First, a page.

Pesca continental

Inland fisheries evolution and management – case studies from four continents

Managing inland fisheries

In 2009, inland fisheries produced some 10  million  tonnes of fish. Despite their importance to rural communities, especially in the least-developed countries, little attention has been paid to this sector in recent years. As a result, there is a deficit in management of the fisheries and also an increasing threat to freshwater by a number of non-fishery users of the aquatic resource. As part of an effort to raise awareness of the problems facing inland fisheries and to examine more closely the various issues, this document reviews four of the world’s best-documented inland fisheries: the Amazon, Lake Constance, the Mekong and Lake Victoria. These represent two lake fisheries and two river fisheries drawn from a wide geographical sample – Africa, Asia, South America and Europe.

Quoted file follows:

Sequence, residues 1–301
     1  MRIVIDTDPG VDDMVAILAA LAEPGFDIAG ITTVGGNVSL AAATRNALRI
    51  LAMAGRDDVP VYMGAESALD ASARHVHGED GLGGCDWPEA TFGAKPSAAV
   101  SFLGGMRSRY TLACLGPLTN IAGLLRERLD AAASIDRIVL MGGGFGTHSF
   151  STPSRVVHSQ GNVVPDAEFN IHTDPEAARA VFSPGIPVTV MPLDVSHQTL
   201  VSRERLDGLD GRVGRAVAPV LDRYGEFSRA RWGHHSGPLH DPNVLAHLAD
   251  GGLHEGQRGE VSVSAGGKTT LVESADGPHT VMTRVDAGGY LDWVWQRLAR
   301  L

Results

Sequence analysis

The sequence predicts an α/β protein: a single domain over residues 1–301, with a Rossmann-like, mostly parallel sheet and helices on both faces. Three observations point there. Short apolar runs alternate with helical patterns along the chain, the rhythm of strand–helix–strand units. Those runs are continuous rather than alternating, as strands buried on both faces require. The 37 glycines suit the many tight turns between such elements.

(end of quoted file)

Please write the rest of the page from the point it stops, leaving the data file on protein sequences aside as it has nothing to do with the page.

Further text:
This technical paper draws conclusions from the four case studies and more general experience as to some of the main issues facing inland fisheries. Inland fishery statistics are generally are very poor, so knowledge of the actual contribution of the sector to food security is not known. Nevertheless, inland fisheries employ about 56  million people directly and indirectly. The state of the stocks of fish in many fisheries is not known because of the low level of research across the many rivers and lakes. However, it is understood that, in many cases, the main driver of the fish assemblages is not the way in which the fishery is managed but rather the state of the environment as acted upon by other human uses. This means that mechanisms are needed to improve both management of fisheries through forms of comanagement and collaboration at the national and international level between agencies responsible for the management of the aquatic resource in general.